• Papahānaumokuākea Marine, Hawaii, 118,481,240.66 acres
• Marianas Trench Marine, Guam and Northern Mariana Islands, 80,700,105.23 acres
• Pacific Remote Islands Marine, U.S. Minor Outlying Islands, 73,641,727.69 acres
• Rose Atoll Marine, American Samoa, 11,400,364.60 acres
Bush’s Papahānaumokuākea proclamation superseded Clinton’s executive order by including all of the NWHICRER and additional marine acreage around Midway Island. National monuments provide greater conservation protection than national marine sanctuaries.
Before Papahānaumokuākea, Bush’s national monument legacy consisted of the 0.35-acre African Burial Ground in New York. As he considered the proclamation, he had the proverbial angel (First Lady Laura Bush) on one shoulder whispering yes and devil (Vice President Dick Cheney) on the other whispering no. But he was soon leaving office and knew he would never again stand for election, which meant he would no longer be required to sleep with devils. He was going to continue to sleep with that angel.
Boldest (So Far) Barack Obama
Obama has now made two marine national monument proclamations, both additions to existing monuments first established by President Bush. With Obama’s first use of his pen, he claimed the title for the most marine and total national monument acreage preserved, in the Pacific Remote Islands Additions. The original Pacific Remote Islands National Monument proclaimed by Bush in the U.S. Minor Outlying Islands reached only 50 nm out to sea around Wake, Baker, Howland, and Jarvis Islands; Johnston and Palmyra Atolls; and Kingman Reef. Obama expanded the monument by 342,504,210.69 to the full extent of the U.S. Exclusive Economic Zone (up to 200 nm) to create what was at the time (but not for long) the largest marine reserve in the world at 416,145,938.38 acres.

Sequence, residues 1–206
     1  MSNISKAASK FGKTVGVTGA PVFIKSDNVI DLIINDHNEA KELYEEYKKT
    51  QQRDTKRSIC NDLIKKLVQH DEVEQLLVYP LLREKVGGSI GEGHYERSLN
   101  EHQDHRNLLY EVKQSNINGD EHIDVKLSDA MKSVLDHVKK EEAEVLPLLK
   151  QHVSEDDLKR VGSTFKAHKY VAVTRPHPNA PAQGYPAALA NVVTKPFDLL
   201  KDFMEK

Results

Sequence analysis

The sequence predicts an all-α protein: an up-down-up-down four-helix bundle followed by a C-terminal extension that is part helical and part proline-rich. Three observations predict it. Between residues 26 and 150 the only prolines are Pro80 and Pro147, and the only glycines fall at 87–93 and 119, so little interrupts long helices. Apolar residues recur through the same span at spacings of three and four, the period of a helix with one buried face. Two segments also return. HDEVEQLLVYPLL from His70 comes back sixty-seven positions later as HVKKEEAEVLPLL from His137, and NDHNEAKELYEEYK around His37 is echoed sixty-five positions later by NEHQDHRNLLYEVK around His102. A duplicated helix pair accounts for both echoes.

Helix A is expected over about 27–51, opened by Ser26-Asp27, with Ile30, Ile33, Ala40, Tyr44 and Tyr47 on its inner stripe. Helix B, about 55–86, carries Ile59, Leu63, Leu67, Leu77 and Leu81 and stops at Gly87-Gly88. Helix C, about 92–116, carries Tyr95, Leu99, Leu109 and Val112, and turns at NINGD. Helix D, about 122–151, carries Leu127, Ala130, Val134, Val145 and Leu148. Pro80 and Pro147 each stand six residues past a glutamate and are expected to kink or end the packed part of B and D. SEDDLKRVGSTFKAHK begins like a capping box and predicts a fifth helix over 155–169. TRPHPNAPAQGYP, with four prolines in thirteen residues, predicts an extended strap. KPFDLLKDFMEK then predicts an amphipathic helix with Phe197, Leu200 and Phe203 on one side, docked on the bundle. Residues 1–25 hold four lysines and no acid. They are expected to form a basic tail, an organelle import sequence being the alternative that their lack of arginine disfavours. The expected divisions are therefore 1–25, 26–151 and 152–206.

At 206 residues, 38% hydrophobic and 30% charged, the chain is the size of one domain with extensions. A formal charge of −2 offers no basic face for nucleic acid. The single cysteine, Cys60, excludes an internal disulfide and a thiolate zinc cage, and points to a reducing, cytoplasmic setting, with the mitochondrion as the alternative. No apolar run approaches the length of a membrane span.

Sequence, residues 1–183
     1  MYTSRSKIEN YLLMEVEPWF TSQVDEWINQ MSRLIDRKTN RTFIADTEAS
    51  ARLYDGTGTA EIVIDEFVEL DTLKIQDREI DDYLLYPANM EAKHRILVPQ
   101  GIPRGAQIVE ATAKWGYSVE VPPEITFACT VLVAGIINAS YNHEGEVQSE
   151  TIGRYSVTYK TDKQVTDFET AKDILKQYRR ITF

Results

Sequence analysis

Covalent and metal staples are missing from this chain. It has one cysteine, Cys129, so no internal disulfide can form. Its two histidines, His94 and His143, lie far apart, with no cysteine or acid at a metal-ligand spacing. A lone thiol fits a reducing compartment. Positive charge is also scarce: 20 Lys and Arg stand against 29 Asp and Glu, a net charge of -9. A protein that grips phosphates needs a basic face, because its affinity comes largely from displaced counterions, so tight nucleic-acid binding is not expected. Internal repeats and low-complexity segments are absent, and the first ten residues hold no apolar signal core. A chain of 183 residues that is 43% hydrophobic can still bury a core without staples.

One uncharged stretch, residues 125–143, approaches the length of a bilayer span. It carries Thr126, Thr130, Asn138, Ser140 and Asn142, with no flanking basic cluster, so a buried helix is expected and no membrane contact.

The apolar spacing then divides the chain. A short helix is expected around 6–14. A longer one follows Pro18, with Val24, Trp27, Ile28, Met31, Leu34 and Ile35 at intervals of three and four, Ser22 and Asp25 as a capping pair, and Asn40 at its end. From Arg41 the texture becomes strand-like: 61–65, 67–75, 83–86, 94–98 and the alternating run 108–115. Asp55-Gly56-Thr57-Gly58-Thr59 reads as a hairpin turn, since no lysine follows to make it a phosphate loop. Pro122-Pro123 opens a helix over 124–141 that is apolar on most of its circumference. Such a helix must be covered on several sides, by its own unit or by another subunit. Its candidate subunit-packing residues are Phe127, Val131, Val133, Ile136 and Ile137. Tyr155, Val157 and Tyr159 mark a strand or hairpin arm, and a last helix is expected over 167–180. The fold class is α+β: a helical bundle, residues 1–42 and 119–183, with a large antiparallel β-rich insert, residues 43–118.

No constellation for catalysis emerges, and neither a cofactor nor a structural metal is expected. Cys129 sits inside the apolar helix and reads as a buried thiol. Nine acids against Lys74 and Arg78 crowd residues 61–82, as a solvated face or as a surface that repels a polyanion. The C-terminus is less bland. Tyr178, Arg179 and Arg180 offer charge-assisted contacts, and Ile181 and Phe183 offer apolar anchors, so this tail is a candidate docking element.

Five U.S. Presidents have used their authority granted by Congress under the Antiquities Act to protect marine environments:
Obama (2009-2017) 717,782,244.78 acres
G.W. Bush (2001-2009) 284,229,748.17 acres
Clinton (1993-2001) 12,708.00 acres
Kennedy (1961-1963) 850.00 acres
Ford (1974-1977) 30.00 acres
More That Could Be Done
The USEEZ is the largest EEZ in the world, containing 3.4 million square nautical miles (2.88 billion acres). In this zone, thanks mostly to presidents George W. Bush and Barack Obama (and to Bill Clinton for starting the trend to go boldly to sea), 1 billion acres—35 percent of the USEEZ—have been protected so far. It is ecologically imperative, economically rational, and politically reasonable for at least two-thirds of the USEEZ to be protected as national monuments for this and future generations.
One of many areas worthy of protection is Gorda Ridge, in the USEEZ in the eastern Pacific Ocean off southern Oregon and northern California, encompassing undersea volcanoes, thermal vents, and newly discovered life forms. Then there is the Astoria Canyon and Fan, offshore from the mouth of the Columbia River, that was shaped by the massive Missoula Floods seventeen thousand years ago.
We cannot forget Heceta Bank, Perpetua Bank, and Stonewall Bank, 15 to 30 nm off the central Oregon coast, where underwater seamounts 10 by 25 nm in area and 30 to 60 fathoms (180 to 360 feet) below the surface cause upwelling that provides food for lots of seabirds. Of this area, 800,027 acres have been designated an Important Bird Area by the National Audubon Society
Additionally, there is the Redfish Rocks Oregon Marine Protected Area and the . . . oh hell, how about an Offshore Oregon Marine National Monument? Oh wait! A Cascadia Subduction Zone Marine National Monument!